As the clock springs forward Sunday morning, AAA released safety tips and vehicle to-do’s before Idahoans hit the road after a shortened night’s sleep.
BOISE, Idaho — As Daylight Saving Time begins at 2 a.m. MT on Sunday, AAA Idaho is reminding Gem State residents to take extra time Monday morning to ensure they are aware of their surroundings and provided tips as the clock springs forward.
AAA said drivers should be aware of kids walking and biking to school early in the morning as they travel and confirm their vehicles are clear of any mechanical issues.
17% of drivers admitted to getting behind the wheel while struggling to keep their eyes open in the last 30 days. 95% of drivers find it very or extremely dangerous to drive while drowsy, according to AAA’s Foundation for Traffic Safety research.
To avoid the extreme risk, AAA said traveling at times of the day when drivers are normally awake is recommended. The risk of a crash from driving after less than five hours of sleep compares statistically to driving while drunk.
“With the time change, we’re all going to miss out on sleep,” AAA public affairs director, Matthew Conde said. “But by the time our bodies tell us that we’re tired, it may already be too late to prevent a deadly crash. For most people, getting at least seven hours of sleep is critical to being an engaged driver.”
Heavy meals and ensuring medications will not impact drivers’ alertness with their doctor are two tips AAA recommends to avoid drowsy driving, even for morning owls. AAA said there is no substitute for a quality night’s sleep, such as caffeine or listening to loud music behind the wheel.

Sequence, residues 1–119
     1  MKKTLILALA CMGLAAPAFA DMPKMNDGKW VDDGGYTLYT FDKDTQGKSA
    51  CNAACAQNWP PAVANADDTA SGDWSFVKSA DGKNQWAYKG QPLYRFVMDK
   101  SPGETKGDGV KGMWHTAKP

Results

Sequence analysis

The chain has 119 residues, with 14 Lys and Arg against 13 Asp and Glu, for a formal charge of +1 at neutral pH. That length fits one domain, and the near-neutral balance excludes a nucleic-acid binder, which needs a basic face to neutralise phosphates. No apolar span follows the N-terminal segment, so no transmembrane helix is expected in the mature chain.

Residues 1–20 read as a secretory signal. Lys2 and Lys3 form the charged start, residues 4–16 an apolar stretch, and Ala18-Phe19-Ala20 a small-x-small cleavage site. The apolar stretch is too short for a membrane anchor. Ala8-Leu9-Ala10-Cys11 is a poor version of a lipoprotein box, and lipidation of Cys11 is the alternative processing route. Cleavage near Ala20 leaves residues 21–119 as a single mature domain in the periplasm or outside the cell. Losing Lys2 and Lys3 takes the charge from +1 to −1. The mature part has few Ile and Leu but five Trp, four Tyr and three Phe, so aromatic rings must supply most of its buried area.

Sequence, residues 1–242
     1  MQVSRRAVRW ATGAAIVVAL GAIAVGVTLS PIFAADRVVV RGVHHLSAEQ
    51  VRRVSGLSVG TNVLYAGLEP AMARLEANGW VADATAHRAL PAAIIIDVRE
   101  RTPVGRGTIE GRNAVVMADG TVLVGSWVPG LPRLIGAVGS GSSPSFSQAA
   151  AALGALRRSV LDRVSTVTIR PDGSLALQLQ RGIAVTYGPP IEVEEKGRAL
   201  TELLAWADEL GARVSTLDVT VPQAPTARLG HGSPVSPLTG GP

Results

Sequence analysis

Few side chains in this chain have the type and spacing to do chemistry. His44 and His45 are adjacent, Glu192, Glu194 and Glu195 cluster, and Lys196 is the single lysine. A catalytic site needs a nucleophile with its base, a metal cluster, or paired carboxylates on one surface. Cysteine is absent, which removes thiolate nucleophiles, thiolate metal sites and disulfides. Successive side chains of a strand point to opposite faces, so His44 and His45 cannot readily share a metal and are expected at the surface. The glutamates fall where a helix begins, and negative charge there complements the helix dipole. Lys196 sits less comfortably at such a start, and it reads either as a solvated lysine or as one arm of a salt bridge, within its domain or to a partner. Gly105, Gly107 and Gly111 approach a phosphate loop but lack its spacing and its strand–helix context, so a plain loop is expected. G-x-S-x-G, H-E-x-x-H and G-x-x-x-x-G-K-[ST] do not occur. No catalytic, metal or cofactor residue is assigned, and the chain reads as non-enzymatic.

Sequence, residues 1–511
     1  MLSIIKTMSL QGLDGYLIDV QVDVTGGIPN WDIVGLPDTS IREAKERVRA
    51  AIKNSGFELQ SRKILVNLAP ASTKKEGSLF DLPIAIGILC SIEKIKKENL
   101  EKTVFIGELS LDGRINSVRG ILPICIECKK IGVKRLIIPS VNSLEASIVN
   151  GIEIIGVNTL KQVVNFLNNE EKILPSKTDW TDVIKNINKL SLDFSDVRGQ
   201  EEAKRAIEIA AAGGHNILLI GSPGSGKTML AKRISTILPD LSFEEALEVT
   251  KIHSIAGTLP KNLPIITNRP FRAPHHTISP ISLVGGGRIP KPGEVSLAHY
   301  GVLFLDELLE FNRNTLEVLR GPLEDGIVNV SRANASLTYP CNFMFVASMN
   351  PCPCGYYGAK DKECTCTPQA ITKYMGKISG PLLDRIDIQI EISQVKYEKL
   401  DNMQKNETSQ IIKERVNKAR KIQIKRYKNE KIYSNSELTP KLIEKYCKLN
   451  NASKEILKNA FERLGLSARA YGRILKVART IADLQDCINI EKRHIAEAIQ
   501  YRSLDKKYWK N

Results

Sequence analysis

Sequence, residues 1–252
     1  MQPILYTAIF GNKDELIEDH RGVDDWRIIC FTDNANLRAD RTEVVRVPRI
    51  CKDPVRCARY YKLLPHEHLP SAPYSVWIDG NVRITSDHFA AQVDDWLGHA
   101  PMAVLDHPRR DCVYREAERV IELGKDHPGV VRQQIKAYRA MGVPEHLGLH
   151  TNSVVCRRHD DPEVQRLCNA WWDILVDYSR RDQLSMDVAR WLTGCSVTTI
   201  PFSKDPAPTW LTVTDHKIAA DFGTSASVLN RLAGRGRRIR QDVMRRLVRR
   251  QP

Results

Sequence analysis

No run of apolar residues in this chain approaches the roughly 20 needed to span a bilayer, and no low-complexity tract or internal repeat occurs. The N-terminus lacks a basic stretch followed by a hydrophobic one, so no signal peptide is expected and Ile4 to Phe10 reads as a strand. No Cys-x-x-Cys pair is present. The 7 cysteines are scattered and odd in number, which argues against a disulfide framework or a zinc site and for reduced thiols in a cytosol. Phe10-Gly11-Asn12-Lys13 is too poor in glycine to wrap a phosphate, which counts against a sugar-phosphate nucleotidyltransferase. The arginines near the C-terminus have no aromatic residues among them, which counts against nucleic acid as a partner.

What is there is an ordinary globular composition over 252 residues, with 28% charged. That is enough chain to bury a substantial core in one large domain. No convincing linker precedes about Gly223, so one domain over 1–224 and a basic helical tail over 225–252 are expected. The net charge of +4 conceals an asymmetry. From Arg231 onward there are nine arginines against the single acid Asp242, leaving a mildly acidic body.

As for checking on your vehicle’s working order ahead of Sunday, AAA recommends restoring old headlights or purchasing a polishing kit. 80% of usable light on the road ahead can be blocked, if headlights are yellow or cloudy from hot temperatures and sunlight in the past.
“As the days get warmer, we spend more time out and about,” Conde said. “Before you know it, the sun has gone down, and the potential increases for dangerous interactions between vehicles and wildlife, bicyclists, and pedestrians. Restoring your headlights is an important and relatively inexpensive way to see and be seen.”
Once again, AAA said drivers must stay alert and slow down, especially in school zones and neighborhoods throughout the Gem State. Be aware of students crossing the street or moving between vehicles early in the mornings.
If a pedestrian is hit by a vehicle, the odds of the pedestrian being killed are 66% more likely while traveling at 35 mph than 25 mph, according to AAA.
Emergency workers are also at a greater risk of being killed while on the job than any other occupation. Be sure to move over to allow extra space for emergency vehicles and tow truck drivers when you see flashing lights.
“After a crash or vehicle disablement, additional congestion can result in significant delays and even secondary crashes,” Conde said. “Our emergency workers are true heroes, and if we give them enough room to quickly clear the scene, it’s a win-win.”
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